BLOOMINGDALE, Ind. — When a zoologist-turned-sex-expert released Sexual Behavior in the Human Male, the 1948 study and its findings met with widespread controversy.

Now, more than a half-century later, Fox Searchlight Pictures' new motion picture, Kinsey: Let's Talk About Sex, is meeting with similar controversy. At the heart of it are multiple claims regarding Alfred Kinsey's fraudulent methodology and scientific inaccuracy — and the film's failure to tell Kinsey's full story.

“The film is glamorizing and lion-izing Kinsey,” said Tara Williams, outreach coordinator for Catholic Outreach, a Carlsbad, Calif., evangelization apostolate. “We feel it'simportant to tell people the truth about the man and his research.”

Williams was one of six people who attempted to distribute Ascension Press' book The Kinsey Corruption: An Exposé on the Most Influential ‘Scientist’ of Our Time at the Kinsey Institute's benefit screening on the campus of Indiana University in Bloomingdale, Ind., Nov. 13. The 96-page book is based on journalist Susan Brinkmann's six-part series that ran in the Archdiocese of Philadelphia's Catholic Standard and Times.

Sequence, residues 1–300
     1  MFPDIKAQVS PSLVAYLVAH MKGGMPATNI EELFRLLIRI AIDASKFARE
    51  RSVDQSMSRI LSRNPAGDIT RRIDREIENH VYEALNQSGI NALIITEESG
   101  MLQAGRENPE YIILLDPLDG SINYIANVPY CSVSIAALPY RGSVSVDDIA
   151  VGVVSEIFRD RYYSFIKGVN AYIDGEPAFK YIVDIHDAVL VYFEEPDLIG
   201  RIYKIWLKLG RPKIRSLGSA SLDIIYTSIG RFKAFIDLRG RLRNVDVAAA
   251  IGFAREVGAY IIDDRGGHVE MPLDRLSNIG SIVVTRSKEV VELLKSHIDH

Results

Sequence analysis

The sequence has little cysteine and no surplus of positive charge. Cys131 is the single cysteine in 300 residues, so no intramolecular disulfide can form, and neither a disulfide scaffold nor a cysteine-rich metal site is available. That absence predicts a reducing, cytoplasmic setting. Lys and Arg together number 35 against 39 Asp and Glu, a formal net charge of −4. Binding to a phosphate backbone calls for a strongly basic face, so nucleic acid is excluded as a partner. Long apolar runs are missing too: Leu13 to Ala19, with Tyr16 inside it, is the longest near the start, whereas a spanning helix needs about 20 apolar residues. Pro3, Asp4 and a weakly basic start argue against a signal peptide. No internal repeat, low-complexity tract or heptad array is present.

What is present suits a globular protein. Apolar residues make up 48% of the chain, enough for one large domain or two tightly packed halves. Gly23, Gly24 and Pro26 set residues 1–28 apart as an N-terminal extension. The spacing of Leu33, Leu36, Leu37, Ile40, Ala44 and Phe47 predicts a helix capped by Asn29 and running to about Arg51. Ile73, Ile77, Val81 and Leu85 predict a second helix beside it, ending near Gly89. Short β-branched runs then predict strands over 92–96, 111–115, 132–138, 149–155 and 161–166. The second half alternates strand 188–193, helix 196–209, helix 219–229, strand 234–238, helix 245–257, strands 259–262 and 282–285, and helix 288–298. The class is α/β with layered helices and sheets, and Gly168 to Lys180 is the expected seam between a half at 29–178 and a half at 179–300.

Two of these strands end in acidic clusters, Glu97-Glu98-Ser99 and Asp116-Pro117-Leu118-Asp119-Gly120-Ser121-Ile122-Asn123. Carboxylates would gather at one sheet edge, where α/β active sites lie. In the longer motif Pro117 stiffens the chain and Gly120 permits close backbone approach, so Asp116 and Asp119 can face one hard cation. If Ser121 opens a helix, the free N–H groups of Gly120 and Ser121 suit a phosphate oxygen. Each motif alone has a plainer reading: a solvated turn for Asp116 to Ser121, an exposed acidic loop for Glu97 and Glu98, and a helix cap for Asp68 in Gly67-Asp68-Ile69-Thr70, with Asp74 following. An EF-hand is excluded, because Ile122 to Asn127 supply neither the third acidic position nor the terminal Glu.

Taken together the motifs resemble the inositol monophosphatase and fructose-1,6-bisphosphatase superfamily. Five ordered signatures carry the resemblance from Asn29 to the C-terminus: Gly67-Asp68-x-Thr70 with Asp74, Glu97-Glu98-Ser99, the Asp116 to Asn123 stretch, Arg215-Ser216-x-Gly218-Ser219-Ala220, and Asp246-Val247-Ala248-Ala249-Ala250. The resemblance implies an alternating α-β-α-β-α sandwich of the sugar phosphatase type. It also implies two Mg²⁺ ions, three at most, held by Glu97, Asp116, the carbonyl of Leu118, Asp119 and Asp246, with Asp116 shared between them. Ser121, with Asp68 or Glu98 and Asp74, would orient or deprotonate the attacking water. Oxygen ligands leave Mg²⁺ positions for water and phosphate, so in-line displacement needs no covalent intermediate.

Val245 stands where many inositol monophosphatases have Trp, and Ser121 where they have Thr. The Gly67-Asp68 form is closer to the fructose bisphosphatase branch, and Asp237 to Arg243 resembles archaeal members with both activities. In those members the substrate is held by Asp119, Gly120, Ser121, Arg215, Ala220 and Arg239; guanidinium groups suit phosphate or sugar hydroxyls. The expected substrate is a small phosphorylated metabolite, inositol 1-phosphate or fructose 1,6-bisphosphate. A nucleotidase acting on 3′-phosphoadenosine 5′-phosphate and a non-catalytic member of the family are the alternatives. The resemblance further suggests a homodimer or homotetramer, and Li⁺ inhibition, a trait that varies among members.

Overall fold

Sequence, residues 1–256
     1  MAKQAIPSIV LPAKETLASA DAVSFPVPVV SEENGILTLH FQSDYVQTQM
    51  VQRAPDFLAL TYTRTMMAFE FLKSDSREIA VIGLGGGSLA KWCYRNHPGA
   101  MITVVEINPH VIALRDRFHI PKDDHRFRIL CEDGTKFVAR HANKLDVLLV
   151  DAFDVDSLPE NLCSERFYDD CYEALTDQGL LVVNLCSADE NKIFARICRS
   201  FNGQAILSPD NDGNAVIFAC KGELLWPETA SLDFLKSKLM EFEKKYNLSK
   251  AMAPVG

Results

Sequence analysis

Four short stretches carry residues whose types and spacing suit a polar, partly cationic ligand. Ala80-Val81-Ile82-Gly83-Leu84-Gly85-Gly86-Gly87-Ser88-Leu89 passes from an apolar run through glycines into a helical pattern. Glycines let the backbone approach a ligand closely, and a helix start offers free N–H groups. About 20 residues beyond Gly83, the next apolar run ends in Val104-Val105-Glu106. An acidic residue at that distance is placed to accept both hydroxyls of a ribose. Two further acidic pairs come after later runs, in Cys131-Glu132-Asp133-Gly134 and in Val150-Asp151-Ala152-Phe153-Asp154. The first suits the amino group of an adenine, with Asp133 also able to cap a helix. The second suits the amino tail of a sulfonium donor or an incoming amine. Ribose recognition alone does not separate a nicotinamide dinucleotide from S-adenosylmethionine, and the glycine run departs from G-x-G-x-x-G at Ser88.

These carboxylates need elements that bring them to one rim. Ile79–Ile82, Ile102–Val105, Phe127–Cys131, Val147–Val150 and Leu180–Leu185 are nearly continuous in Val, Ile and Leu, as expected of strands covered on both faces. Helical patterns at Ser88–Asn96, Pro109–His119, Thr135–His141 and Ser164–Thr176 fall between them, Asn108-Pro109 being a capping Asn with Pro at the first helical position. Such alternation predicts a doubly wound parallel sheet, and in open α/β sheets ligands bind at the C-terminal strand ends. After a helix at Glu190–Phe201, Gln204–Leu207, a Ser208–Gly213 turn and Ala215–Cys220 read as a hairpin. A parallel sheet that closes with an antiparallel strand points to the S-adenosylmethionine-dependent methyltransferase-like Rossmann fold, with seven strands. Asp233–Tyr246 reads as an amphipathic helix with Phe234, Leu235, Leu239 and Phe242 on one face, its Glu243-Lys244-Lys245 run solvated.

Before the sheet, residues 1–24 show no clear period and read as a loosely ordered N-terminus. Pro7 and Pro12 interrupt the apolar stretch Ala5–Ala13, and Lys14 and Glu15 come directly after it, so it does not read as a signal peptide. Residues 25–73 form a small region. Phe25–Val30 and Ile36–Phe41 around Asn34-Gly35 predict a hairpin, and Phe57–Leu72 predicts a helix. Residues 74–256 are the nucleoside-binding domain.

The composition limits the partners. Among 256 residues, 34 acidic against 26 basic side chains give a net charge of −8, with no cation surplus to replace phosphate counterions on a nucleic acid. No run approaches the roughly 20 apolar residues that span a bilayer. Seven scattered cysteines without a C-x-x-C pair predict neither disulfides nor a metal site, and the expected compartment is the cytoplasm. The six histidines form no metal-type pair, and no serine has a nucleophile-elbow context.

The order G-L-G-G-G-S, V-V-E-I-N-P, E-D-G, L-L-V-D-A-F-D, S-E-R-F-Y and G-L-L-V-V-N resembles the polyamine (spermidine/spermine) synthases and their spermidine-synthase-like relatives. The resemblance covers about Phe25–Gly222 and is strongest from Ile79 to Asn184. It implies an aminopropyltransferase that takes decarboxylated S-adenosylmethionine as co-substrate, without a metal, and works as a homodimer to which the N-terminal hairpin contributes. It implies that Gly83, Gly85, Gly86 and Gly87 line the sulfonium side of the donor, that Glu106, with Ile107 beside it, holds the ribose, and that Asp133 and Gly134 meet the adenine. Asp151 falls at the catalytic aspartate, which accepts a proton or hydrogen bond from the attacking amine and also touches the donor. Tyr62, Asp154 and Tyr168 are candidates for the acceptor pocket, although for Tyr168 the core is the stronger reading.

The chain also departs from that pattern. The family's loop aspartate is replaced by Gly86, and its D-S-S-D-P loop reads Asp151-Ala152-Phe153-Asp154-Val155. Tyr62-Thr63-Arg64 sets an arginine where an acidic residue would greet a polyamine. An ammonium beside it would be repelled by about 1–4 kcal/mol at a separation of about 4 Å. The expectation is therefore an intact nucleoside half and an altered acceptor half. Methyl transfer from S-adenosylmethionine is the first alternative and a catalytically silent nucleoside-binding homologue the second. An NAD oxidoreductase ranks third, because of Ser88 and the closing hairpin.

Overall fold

“Someone from security told me to get off the sidewalk,” Williams said. When Williams moved onto the street to distribute the book, a policeman told her that if she didn't have a permit, she needed to leave or risk being arrested. She complied.

In addition to the Indiana premier, Catholic Outreach attempted to distribute books outside of New York City's Rockefeller Center prior to the “Saturday Night Live” taping with Liam Neeson, the actor who portrays the man widely credited for ushering in the sexual revolution. The group's efforts were thwarted when security would not allow Millie Hau and fellow protestors into the center.

Rocco Caluccio had greater success at the Lincoln Center Theater in Manhattan.

Although he admits to being nervous, Caluccio, a physical therapist from Brooklyn, handed out approximately 80 copies of the book to theater patrons.

“We need to educate the country that they are being lied to about free sex,” Caluccio said. “It's not the way to happiness. We're buying into the counterfeit.”

One on One

While he's not sure who might be touched by his efforts, Caluccio said a conversation with four teen-agers made the evening worthwhile.

“I handed the book to one of four teens,” Caluccio said. “After a while, they came back, and one of them started asking questions. I got the book in their hands. Hopefully the Lord will take it from there.”

Catholic Outreach has similar book distributions scheduled in Cincinnati, Dallas, Miami, St. Louis, Philadelphia and Los Angeles. The film opened on only five screens — two in New York City and three in Los Angeles — the weekend of Nov. 12.

“The weekend of November 19, it will open on 35 screens, mostly in ‘blue’ states,” said Lisa Wheeler, media coordinator for Catholic Outreach. “Then, as Christmas approaches, it is estimated to be on 500 screens.”